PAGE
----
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Factoring

Overview: Factoring Numbers

When you factor a number, you break it apart to find the integers that can be multiplied together to produce the original number.

Factor the number 30

30 = (1)(30)
30 = (2)(15)
30 = (3)(10)
30 = (5)(6)

1,2,3,5,6,10,15,30 are all factors of 30.

Factors can be composite numbers or prime numbers.

A composite number is any number that has more than two factors.
In the example above, 15, 10, and 6 are composite numbers. They can be broken down further.
15 = (3)(5)
10 = (2)(5)
6 = (2)(3)

A prime number is a positive number greater than 1 that has exactly two divisors: 1 and itself.

The first 30 primes:

2, 3, 5, 7, 11, 13, 17, 19, 23, 29,
31, 37, 41, 43, 47, 53, 59, 61, 67,
71, 73, 79, 83, 89, 97, 101, 103,
107, 109, 113

(0 and 1 are not considered prime or composite.)

Prime Factorization

To find the prime factors of a number:

  1. Divide the number by the smallest possible prime number.
  2. Divide the result by the smallest possible prime number.
  3. Continue until the result is also a prime number.

Find the prime factorization of 30

30 ÷ 2 = 15
15 ÷ 3 = 5

2,3,5 are the prime factors of 30.

Check your answer: (2)(3)(5) = 30

When you multiply all of the prime factors of a number,
the product (result) is the original number.

Find the prime factorization of 168

168 ÷ 2 = 84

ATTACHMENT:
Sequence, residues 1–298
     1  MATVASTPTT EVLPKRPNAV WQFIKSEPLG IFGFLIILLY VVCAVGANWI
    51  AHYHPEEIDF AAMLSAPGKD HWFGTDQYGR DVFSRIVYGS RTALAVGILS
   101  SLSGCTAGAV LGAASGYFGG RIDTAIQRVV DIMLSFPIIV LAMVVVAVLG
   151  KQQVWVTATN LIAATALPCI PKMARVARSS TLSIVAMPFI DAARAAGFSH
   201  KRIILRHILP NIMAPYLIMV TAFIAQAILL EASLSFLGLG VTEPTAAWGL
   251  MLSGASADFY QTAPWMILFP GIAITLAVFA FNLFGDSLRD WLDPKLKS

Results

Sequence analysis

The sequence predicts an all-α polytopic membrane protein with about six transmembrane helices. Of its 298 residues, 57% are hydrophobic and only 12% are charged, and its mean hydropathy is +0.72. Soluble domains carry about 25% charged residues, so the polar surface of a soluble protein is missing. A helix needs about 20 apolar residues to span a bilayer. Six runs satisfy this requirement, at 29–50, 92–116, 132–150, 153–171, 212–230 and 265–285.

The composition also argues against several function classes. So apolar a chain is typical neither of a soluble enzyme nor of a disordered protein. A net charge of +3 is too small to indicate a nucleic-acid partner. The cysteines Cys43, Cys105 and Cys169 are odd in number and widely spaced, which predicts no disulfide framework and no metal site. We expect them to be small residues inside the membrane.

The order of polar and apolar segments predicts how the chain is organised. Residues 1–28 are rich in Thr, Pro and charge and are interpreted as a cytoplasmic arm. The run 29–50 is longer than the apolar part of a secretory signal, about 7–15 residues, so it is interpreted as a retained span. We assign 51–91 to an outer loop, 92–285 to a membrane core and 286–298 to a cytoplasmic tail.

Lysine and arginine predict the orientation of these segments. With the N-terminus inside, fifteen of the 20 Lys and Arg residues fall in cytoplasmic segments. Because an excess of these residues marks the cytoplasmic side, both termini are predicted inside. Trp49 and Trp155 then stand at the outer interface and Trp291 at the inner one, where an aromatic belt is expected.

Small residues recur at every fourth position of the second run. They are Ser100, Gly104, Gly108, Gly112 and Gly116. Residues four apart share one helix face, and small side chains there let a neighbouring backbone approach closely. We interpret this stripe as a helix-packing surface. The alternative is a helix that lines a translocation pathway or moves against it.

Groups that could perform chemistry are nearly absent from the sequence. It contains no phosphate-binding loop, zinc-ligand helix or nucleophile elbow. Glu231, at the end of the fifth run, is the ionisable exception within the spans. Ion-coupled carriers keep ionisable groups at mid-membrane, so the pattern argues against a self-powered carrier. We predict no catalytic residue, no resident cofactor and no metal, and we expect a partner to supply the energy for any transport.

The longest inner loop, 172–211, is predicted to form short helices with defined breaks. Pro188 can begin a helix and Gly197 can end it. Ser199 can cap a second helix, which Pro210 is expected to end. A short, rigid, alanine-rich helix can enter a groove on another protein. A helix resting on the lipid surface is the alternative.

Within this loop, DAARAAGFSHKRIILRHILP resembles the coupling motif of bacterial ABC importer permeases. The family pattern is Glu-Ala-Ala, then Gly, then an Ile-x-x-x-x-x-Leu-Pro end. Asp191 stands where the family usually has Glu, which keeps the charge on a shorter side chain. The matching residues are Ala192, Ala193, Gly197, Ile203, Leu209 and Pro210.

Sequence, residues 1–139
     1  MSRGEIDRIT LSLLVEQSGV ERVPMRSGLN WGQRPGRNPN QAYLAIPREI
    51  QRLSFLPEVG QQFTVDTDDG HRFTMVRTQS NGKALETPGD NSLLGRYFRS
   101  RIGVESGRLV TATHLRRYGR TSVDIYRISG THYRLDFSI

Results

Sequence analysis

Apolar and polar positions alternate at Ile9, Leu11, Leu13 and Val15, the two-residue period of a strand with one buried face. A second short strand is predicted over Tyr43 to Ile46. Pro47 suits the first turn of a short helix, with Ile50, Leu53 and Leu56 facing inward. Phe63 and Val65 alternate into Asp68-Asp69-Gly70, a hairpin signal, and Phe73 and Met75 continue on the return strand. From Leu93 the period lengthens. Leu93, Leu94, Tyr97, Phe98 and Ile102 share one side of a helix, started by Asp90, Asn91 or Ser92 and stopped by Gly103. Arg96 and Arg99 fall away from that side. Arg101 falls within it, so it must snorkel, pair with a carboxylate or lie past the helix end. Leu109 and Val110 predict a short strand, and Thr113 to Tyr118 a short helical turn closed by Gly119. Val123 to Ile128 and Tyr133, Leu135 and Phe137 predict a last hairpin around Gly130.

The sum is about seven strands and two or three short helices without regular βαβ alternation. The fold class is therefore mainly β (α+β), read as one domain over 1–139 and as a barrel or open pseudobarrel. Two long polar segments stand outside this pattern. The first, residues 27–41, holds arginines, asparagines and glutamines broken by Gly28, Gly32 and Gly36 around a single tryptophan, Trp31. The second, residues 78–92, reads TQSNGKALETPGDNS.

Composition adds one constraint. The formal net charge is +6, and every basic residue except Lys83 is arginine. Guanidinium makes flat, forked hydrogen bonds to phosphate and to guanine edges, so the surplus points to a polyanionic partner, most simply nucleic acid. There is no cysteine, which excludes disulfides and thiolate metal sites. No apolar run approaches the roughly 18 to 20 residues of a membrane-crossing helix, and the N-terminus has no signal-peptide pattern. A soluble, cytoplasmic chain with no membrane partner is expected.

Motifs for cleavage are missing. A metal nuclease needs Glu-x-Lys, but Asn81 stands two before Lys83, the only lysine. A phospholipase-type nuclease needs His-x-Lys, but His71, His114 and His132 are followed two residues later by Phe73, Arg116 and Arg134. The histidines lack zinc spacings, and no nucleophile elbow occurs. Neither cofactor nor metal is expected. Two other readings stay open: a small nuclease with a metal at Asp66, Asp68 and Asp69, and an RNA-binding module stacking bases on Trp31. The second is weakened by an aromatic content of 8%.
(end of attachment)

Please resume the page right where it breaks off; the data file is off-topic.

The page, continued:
84 ÷ 2 = 42
42 ÷ 2 = 21
21 ÷ 3 = 7

2,2,2,3,7 are the prime factors of 168.

Check your answer: (2)(2)(2)(3)(7) = 168

Factoring is useful in algebra for simplifying expressions and solving equations.

Vocabulary

Exponent
An exponent tells how many times to multiply a number or term (the "base" ). The exponent is called a power. In 63, we read "Six to the third power," and 6 is multiplied 3 times: (6)(6)(6).
Like Bases
The base is the number or term that is raised to a power. Like bases have the same number or term raised to a power. The power (exponent) may be different.
Like Bases:
x3, x4
(ab)2, (ab)y
2x3, x2
NOT Like Bases:
y3, x3
(xy)2, y2
(2x)3, x3

 

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This material is based upon work supported by the National Science Foundation (NSF) under Grant No. HRD-0726252. Any opinions, findings, and conclusions or recommendations expressed in this material are those of the author(s) and do not necessarily reflect the views of the National Science Foundation.